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Using gene chips to predict relapse in lung cancer
  

 

A new study reports that lung cancer patients who relapsed after surgery could be distinguished from patients who did not based on patterns of gene expression. The risk of relapse correlated with the expression levels of certain genes in patients with non-small cell lung cancer. Though based on a small sample, the findings demonstrate that gene chips may soon have a role to play in guiding treatment strategies.


Detail of cluster diagram from study. View full

As larger lung cancer studies are completed, researchers will likely have gene expression profiles of individuals most likely to relapse. These patients could receive more aggressive therapy soon after surgery. The cancer reoccurs in more than half of all lung cancer patients treated by surgery.

The research, led by Ming Tsao of Princess Margaret Hospital and the University of Toronto, Canada, is the latest evidence that gene expression profiling can reveal clinically relevant information about disease. The expression profiling of childhood leukemias, for instance, has revealed new categories of disease, some of which are associated with distinct disease outcomes. In two studies on lung cancer published last fall, researchers concluded that gene expression analysis could help refine the classification of lung cancers and aid in their diagnosis.

In the new study, Tsao and colleagues profiled 39 patients using 19,000 gene microarrays. They analyzed a subset of nearly 3,000 genes to generate distinct expression patterns for two groups: 24 patients who relapsed and 15 who remained free of disease during the course of the study. The findings appear in Cancer Research.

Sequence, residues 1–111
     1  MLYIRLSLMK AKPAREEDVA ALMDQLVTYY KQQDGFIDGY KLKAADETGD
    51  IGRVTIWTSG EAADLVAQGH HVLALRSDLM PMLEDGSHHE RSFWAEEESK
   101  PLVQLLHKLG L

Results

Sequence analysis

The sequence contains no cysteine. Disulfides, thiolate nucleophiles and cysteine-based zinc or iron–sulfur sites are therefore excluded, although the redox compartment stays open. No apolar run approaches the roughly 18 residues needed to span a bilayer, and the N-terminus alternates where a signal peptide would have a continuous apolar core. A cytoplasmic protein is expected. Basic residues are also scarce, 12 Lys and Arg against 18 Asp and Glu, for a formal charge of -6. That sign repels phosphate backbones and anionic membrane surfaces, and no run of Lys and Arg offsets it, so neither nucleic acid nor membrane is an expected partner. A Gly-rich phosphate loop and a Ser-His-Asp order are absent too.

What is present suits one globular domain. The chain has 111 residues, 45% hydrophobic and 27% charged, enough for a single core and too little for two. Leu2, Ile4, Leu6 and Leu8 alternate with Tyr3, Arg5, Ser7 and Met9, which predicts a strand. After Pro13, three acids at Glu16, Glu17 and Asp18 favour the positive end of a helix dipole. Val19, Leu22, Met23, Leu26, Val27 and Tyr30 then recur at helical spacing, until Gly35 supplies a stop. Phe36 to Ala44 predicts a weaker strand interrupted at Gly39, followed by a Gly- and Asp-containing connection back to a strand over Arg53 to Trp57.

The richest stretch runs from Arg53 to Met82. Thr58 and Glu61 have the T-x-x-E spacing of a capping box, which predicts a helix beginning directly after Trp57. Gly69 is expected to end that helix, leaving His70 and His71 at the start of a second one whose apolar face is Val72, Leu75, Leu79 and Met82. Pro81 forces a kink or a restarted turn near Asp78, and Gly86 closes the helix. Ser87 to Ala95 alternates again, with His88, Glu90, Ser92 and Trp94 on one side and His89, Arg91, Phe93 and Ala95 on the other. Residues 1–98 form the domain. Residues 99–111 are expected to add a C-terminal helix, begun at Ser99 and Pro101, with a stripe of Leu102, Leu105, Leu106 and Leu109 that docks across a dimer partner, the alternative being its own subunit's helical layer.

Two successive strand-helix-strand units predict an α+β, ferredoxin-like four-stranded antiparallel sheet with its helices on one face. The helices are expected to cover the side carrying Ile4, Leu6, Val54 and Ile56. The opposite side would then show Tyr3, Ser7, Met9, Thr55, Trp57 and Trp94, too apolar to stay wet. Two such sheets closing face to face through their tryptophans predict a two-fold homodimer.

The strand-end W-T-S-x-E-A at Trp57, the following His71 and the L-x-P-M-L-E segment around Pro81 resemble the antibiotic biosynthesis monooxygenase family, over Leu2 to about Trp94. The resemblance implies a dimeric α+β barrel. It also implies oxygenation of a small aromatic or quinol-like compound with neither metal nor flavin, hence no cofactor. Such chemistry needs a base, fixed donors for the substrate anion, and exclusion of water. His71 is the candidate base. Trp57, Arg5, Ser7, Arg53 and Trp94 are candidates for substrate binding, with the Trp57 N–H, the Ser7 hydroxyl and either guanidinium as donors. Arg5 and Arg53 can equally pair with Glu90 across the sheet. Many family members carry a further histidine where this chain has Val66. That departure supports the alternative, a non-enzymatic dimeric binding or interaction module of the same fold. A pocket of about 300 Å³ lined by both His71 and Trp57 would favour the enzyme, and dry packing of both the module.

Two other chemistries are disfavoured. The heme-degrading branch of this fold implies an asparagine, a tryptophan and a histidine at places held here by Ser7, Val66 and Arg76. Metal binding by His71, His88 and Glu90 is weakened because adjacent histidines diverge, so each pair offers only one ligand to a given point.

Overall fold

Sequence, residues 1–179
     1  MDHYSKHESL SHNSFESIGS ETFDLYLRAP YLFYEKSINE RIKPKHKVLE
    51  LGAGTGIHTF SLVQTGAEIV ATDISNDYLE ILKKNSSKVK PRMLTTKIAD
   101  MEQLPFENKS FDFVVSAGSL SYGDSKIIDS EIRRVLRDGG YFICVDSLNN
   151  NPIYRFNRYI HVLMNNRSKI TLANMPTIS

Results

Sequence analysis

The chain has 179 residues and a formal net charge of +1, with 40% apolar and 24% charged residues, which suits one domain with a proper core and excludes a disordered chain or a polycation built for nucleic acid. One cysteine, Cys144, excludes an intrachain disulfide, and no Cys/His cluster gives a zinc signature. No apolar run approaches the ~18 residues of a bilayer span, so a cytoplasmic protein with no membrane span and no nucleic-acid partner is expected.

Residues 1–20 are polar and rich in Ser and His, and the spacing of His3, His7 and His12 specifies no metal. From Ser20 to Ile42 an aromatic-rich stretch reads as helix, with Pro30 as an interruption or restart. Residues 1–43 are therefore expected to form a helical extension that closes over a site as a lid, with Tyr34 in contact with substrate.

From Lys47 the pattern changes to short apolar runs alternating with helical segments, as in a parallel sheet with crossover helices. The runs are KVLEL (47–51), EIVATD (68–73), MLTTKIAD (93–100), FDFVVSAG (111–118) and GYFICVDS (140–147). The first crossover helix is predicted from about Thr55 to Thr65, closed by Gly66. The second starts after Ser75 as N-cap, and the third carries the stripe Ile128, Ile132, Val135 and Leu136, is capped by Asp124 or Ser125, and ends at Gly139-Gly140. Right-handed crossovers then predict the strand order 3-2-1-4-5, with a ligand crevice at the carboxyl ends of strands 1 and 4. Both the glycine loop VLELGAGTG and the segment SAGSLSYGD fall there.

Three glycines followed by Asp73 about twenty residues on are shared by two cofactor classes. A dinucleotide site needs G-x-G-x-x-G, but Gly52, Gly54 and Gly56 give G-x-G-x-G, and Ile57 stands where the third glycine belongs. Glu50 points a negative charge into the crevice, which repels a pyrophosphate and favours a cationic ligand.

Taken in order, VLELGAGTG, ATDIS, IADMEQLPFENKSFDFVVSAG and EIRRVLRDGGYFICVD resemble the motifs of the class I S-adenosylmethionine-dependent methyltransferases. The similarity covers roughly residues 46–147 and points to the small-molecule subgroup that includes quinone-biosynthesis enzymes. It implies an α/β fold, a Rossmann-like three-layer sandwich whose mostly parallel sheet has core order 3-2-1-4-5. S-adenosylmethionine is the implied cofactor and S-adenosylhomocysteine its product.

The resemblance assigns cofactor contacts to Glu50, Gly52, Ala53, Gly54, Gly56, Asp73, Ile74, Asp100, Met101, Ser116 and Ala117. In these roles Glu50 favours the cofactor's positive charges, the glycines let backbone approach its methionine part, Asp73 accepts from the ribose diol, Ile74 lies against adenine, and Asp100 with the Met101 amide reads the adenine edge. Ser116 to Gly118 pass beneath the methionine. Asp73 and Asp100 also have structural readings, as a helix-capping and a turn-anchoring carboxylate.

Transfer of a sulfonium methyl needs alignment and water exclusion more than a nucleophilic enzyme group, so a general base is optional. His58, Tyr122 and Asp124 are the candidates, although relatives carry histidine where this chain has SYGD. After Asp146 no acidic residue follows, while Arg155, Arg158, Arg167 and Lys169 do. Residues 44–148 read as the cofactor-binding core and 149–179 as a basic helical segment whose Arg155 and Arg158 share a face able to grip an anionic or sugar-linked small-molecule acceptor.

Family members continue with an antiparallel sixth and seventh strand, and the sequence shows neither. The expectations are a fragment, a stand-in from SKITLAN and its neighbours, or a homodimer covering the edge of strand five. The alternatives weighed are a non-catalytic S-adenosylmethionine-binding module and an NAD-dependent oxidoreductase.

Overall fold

"Some patients will relapse and some will not," says Tsao. "If you can demonstrate who is at high risk for recurrence they could be targeted to receive more aggressive treatment after their surgery, while the ones with a good prognosis should continue on without receiving therapy at that time."

The challenge now is to identify the expression profile of patients in the early stages of disease who have a poor prognosis. The researchers plan to develop a custom gene chip containing genes most affected by the disease.

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Wigle, D.A. et al. Molecular pofiling of non-small cell lung cancer and correlation with disease-free survival. Cancer Res 62, 3005-3008 (June 1, 2002).
 
Bhattacharjee, A. et al. Classification of human lung carcinomas by mRNA expression profiling reveals distinct adenocarcinoma subclasses. Proc Natl Acad Sci USA 98, 13790-13795 (November 20, 2001).
 
Garber, M.E. et al. Diversity of gene expression in adenocarcinoma of the lung. Proc Natl Acad Sci USA 98, 13784-13789 (November 20, 2001).
 

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